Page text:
Asian stocks follow Wall Street lower as trade war worsens
BEIJING (AP) — Asian stocks followed Wall Street lower today after China let its currency sink and halted purchases of U.S. farm goods, fueling fears Beijing’s trade war with President Donald Trump will harm the global economy.
China’s main index lost 1.5% and Australia’s was down 2.3%. Markets in Tokyo, Hong Kong and Seoul also retreated.
Yesterday on Wall Street, the S&P 500 dropped 3% to 2,844.74. The Dow Jones Industrial Average lost 2.9% to 25,717.74 and the Nasdaq composite fell 3.5% to 7,726.04.
China’s yuan falls further to US dollar amid trade war fears
BEIJING (AP) — China’s yuan (yoo-AHN’) has fallen further against the U.S. dollar amid fears about mounting economic damage from Beijing’s trade war with President Donald Trump.
The yuan declined to 7.0562 to the dollar in early trading today, a day after Beijing allowed it to fall past the politically sensitive level of seven to the greenback.
The Chinese central bank says the declines are driven by market forces. But they fueled fears Beijing might use devaluation as a weapon in its fight with Trump over U.S. complaints about China’s trade surplus and technology policies.
The weakness of the yuan, also known as the renminbi, or “people’s money,” is among U.S. grievances against Beijing. American officials complain it makes Chinese export prices unfairly low, hurting foreign competitors and swelling Beijing’s trade surplus.
Trump freezes Venezuela gov’t assets in escalation
WASHINGTON (AP) — The Trump administration froze all Venezuelan government assets Monday in a dramatic ratcheting up of tensions with Nicolás Maduro. The action places his socialist administration on a short list of adversaries from Cuba, North Korea, Syria and Iran that haven been targeted by such aggressive U.S. actions.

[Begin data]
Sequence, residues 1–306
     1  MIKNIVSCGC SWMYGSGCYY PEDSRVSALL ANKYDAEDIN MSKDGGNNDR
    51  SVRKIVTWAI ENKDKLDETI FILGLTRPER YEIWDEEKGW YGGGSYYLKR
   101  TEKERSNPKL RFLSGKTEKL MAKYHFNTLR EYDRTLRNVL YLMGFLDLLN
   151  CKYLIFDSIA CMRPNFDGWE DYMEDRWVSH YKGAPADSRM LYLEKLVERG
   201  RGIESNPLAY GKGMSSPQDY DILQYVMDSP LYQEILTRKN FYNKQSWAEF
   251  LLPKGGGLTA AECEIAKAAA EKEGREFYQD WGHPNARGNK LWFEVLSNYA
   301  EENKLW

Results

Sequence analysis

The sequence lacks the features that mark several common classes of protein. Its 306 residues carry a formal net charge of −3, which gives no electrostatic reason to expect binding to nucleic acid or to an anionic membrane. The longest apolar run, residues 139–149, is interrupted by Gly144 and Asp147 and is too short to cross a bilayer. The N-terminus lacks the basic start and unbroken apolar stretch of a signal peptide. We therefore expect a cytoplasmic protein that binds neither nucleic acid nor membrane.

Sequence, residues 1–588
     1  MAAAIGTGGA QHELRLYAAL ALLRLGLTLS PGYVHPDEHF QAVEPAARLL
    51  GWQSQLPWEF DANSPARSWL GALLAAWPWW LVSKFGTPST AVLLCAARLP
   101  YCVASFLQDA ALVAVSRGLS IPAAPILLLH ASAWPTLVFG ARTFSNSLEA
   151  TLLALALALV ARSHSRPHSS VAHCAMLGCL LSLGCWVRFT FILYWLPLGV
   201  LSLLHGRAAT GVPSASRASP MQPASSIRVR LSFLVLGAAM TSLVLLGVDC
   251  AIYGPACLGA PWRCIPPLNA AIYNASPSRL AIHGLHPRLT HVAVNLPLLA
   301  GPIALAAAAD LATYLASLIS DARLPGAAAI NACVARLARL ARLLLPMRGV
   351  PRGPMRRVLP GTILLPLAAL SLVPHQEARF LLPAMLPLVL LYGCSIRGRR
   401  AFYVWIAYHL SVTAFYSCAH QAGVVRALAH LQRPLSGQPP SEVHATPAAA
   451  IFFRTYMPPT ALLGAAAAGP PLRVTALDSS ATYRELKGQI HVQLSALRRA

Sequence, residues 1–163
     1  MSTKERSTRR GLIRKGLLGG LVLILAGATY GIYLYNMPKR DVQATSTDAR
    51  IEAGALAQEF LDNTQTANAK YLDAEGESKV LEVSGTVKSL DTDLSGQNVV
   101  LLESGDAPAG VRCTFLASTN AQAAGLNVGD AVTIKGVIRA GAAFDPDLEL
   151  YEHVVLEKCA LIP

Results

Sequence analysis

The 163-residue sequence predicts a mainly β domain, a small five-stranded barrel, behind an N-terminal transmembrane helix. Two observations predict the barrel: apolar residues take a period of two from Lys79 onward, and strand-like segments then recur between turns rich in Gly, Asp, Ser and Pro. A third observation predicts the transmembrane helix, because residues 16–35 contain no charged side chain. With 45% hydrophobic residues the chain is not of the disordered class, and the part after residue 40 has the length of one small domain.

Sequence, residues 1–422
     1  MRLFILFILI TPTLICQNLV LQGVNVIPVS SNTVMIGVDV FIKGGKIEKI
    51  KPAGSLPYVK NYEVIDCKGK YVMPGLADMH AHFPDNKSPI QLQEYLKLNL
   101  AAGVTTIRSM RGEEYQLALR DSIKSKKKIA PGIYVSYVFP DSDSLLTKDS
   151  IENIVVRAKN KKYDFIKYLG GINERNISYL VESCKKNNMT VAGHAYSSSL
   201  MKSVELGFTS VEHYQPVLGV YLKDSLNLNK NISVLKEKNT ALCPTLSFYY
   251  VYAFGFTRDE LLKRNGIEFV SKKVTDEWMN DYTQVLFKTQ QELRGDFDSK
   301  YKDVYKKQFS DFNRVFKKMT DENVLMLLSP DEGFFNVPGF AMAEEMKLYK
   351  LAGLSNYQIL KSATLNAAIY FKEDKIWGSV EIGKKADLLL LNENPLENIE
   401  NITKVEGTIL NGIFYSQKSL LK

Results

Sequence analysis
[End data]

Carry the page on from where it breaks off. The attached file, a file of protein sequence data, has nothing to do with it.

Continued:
The ban blocking Americans from doing business with Maduro’s government, which takes effect immediately, is the first of its kind in the western hemisphere in more than three decades.
The executive order signed by President Donald Trump justified the move by citing what it calls Maduro’s “continued usurpation of power” and human rights abuses by security forces loyal to him.
While the order falls short of an outright trade embargo, it represents the most sweeping U.S. action to remove Maduro since the Trump administration recognized opposition leader Juan Guaidó as Venezuela’s rightful leader in January.
German factory orders show unexpectedly strong rise in June
BERLIN (AP) — German factory orders, a leading indicator of the health of Europe’s biggest economy, increased unexpectedly strongly in June thanks to demand from outside the eurozone.
The Economy Ministry says orders were up 2.5% compared with the previous month, when they were down 2%. Economists had expected a modest 0.4% increase. The figure for May was revised upward from the initial reading of a 2.2% drop.
Second-quarter economic growth figures are due on Aug. 14. Germany’s economy is believed to have turned in a feeble performance in the March-June period after returning to growth in the winter.
In June, orders from outside the 19-nation eurozone were up 8.6 percent compared with the previous month. Orders from within Germany and from other eurozone countries both declined slightly.
Motel 6 settlement over immigration calls clears hurdle